Because God’s gift of the Holy Spirit really is for everyone and again, it is so important that we understand this. You see, too many people even today have what I might call an Old Testament view of worship. They believe that in order to have access to God they have to follow the right religious rituals and go through the priest or the vicar. They think the Holy Spirit is for other people, not ordinary Christians in the pew. And I might add, the church has all too often colluded in this understanding, by making the Christian faith a matter of religious duty and elevating certain people above the rest of the congregation.

We urgently need to recover a New Testament view of worship where we teach and preach clearly the Holy Spirit is the gift of God the Father to all who believe and trust in His Son, Jesus. Let me say it again: baptism in the Holy Spirit and indeed Paul tells us plainly in Romans 8, verse 9: if anyone does not have the Spirit of Christ, he does not belong to Christ.

Of course we need vicars and other leaders to direct God’s people and rightly preach His word. We need the church as the place where together we gather in God’s presence as the body of Christ. But nothing we say or do as a church will be any good unless each one of us has been baptised in the Holy Spirit and know the reality of God’s grace. So let’s move right away from the idea that the Holy Spirit or the grace of God are only for special Christians. God’s grace, God’s gift of the Holy Spirit, is available for you, whoever you are, whatever your situation this morning. All you have to do is to believe and to receive.

So Jesus is the Lamb of God. Jesus is the Messiah. And thirdly, Jesus is the Son of God. As John the Baptist goes on to say in verse 34: I have seen and I testify that this is the Son of God.

Now you may be aware that recently a row broke out at Glasgow Cathedral when the Quran was read at a service on Epiphany. The aim behind the service was to promote interfaith understanding and so it seemed like a good idea to someone to invite a Muslim scholar to give a reading. The trouble was, this scholar read a passage which specifically denies Jesus as being the only Son of God. Because, you see, the idea that Jesus is the only Son of God is something that is deeply offensive to other religions. You cannot mix up, say, Islam and Christianity, and get agreement about who Jesus is, and this is why the service in Glasgow Cathedral was profoundly mistaken.

The fact Jesus is the only Son of God really is not up for negotiation. If Jesus is not the Son of God, then He cannot be the Lamb of God who takes away the sin of the world. If Jesus is not the Son of God, then He cannot be the Messiah who baptises us with the Holy Spirit. That is why we need to hold on to the unique identity of Jesus.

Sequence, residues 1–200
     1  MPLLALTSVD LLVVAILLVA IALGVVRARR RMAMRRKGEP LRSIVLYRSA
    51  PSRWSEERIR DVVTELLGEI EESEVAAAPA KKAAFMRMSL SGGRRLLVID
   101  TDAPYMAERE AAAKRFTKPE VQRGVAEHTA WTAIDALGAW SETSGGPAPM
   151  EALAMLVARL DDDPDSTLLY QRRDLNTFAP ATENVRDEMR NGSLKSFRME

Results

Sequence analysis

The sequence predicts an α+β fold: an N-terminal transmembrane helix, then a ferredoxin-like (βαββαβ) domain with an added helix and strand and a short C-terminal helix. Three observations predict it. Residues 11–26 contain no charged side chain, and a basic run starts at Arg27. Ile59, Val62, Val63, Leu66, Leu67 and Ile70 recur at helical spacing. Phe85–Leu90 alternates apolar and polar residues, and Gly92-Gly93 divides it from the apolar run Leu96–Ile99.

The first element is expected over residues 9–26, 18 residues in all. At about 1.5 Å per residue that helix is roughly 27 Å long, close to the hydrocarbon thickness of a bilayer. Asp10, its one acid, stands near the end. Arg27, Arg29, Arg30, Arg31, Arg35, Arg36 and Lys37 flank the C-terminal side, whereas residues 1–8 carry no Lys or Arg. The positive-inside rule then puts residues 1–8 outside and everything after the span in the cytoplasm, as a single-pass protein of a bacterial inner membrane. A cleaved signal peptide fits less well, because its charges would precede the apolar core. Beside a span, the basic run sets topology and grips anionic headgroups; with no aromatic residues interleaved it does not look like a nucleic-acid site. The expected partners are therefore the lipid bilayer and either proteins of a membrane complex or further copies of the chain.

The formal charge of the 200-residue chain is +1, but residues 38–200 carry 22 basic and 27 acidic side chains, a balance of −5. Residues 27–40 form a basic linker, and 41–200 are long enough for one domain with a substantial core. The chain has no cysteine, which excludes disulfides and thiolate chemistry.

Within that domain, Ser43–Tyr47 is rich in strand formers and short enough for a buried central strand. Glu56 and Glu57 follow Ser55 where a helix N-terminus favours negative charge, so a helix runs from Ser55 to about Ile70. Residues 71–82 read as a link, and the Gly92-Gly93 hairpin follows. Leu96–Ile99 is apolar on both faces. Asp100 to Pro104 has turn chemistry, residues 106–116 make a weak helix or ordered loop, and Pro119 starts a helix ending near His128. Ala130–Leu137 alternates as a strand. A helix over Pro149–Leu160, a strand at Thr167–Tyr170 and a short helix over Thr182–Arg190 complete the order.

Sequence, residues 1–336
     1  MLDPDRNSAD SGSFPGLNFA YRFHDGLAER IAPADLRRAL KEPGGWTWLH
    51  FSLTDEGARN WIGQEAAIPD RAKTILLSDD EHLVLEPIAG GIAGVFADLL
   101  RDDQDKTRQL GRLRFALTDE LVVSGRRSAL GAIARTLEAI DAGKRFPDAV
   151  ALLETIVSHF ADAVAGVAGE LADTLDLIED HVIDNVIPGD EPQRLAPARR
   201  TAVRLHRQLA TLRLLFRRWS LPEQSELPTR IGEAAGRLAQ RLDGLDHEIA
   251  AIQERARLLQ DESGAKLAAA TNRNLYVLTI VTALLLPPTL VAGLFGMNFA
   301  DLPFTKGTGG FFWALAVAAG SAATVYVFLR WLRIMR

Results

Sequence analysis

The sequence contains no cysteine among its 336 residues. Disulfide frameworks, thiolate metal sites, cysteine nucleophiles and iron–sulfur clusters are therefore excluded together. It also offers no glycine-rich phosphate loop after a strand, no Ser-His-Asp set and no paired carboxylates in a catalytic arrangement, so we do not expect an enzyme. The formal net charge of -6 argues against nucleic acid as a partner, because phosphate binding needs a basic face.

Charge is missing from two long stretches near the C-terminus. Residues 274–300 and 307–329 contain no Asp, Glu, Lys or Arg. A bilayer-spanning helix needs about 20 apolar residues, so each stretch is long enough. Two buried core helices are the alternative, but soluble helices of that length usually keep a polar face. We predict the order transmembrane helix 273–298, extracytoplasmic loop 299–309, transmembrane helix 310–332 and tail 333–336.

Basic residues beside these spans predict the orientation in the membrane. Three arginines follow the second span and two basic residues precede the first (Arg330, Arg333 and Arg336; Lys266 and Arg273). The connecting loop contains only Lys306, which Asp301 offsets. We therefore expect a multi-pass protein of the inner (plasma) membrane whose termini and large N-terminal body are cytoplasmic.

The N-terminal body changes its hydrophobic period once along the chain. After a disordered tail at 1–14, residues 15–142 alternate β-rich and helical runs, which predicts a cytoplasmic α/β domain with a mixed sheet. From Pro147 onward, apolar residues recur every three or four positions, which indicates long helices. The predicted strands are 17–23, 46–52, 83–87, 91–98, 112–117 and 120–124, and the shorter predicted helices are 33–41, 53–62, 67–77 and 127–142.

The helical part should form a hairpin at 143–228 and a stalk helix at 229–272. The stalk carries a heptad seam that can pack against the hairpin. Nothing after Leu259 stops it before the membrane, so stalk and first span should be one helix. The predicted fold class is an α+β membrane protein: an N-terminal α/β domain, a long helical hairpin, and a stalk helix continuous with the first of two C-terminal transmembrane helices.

And there is another really important reason why we need to hold on to Jesus as the only Son of God. This week we have seen the inauguration of Donald Trump as President. (I still find it hard to write about President Trump, but maybe that’s just me). Quite rightly many people are concerned what the future holds. The world seems a more uncertain, and a more fearful place. The coming year seems perhaps a little more threatening than the one before.

Yet if we have accepted Jesus as the Son of God, then ultimately we have no reason to be afraid. In our Old Testament reading, we heard how God promised David a Son whose throne will be established forever. Yes, presidents may come, and presidents may go. There will be wars and rumours of wars. There will be disasters and acts of terrors. But Jesus is reigning on the throne of God. Despite how it may seem, He is in control, and all of history is in His hands. That’s why we can say with the prophet Habakkuk:

Though the fig-tree does not bud and there are no grapes on the vines, though the olive crop fails and the fields produce no food, though there are no sheep in the pen and no cattle in the stalls, yet I will rejoice in the Lord, I will be joyful in God my Saviour. (Heb 3:17-18).

Because despite what may happen, Jesus is the Lamb of God, is the Messiah, is the Son of God. And I hope that you can see by now that knowing who Jesus is should make a real and practical difference to every moment of every hour.

So to finish, think for a moment about your Monday morning. When you wake up tomorrow, will you know that no matter what a mess you will make of things in the coming week, Jesus has paid the price for your every sin? Will you know Jesus has baptised you with the Holy Spirit and that God will never leave you or forsake you? Will you know that Jesus reigns over all and is in control of every detail in your life?

Let’s pause, then, this morning to take a fresh look at Jesus and then I’ll pray …